A super interesting controversy has been brewing over LegiStorm, the transparency-obsessed site devoted to bringing public — but buried — documents and data to light, and it looks like the public is on their side.

Transparency and Public Shaming: Pakistan Tackles Tax Evasion

In Pakistan, where only one in 200 citizens files their income tax return, authorities published a directory of taxpayers' details for the first time. Officials explained the decision as an attempt to shame defaulters into paying up.


wednesday >

Facebook Seeks Approval as Financial Service in Ireland. Is the Developing World Next?

On April 13 the Financial Times reported that Facebook is only weeks away from being approved as a financial service in Ireland. Is this foray into e-money motivated by Facebook's desire to conquer the developing world before other corporate Internet giants do? Maybe.


The Rise and Fall of Iran's “Blogestan”

The robust community of Iranian bloggers—sometimes nicknamed “Blogestan”—has shrunk since its heyday between 2002 – 2010. “Whither Blogestan,” a recent report from the University of Pennsylvania's Iran Media Program sought to find out how and why. The researchers performed a web crawling analysis of Blogestan, survey 165 Persian blog users, and conducted 20 interviews with influential bloggers in the Persian community. They found multiple causes of the decline in blogging, including increased social media use and interference from authorities.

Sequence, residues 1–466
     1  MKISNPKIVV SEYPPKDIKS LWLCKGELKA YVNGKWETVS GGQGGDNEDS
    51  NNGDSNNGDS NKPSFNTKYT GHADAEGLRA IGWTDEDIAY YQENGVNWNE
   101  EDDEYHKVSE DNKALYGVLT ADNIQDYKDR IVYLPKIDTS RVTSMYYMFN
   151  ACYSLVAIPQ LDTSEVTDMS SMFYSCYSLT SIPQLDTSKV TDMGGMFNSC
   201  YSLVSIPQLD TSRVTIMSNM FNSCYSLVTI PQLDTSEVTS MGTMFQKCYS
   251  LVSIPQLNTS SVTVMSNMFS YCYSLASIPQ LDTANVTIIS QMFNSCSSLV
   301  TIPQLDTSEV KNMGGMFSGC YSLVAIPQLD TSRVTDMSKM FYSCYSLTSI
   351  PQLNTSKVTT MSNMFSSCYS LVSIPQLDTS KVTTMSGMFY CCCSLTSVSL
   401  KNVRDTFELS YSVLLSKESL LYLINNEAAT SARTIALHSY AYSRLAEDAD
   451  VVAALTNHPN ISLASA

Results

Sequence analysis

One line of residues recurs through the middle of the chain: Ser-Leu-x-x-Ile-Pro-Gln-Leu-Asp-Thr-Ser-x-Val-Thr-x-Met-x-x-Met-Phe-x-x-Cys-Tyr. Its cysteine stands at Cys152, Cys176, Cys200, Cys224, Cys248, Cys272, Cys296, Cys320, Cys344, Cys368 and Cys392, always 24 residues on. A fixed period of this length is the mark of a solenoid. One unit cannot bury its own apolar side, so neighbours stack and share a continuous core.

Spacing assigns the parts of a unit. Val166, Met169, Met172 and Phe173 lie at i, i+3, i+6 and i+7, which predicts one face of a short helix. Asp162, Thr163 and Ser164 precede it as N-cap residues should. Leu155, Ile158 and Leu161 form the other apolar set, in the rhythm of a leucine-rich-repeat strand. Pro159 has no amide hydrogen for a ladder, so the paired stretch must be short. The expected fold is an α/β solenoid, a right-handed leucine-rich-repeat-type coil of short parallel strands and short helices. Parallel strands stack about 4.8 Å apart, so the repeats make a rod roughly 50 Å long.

tuesday >

Weekly Readings: What the Govt Wants to Know

A roundup of interesting reads and stories from around the web. GO

Russia to Treat Bloggers Like Mass Media Because "the F*cking Journalists Won't Stop Writing"

The worldwide debate over who is and who isn't a journalist has raged since digital media made it much easier for citizen journalists and other “amateurs” to compete with the big guys. In the United States, journalists are entitled to certain protections under the law, such as the right to confidential sources. As such, many argue that blogging should qualify as journalism because independent writers deserve the same legal protections as corporate employees. In Russia, however, earning a place equal to mass media means additional regulations and obligations, which some say will lead to the repression of free speech.


Politics for People: Demanding Transparent and Ethical Lobbying in the EU

Today the Alliance for Lobbying Transparency and Ethics Regulation (ALTER-EU) launched a campaign called Politics for People that asks candidates for the European Parliament to pledge to stand up to secretive industry lobbyists and to advocate for transparency. The Politics for People website connects voters with information about their MEP candidates and encourages them to reach out on Facebook, Twitter or by email to ask them to sign the pledge.


monday >

Security Agencies Given Full Access to Telecom Data Even Though "All Lebanese Can Not Be Suspects"

In late March, Lebanese government ministers granted security agencies unrestricted access to telecommunications data in spite of some ministers objections that it violates privacy rights. Global Voices reports that the policy violates Lebanon's existing surveillance and privacy law, Law 140, but has gotten little coverage from the country's mainstream media.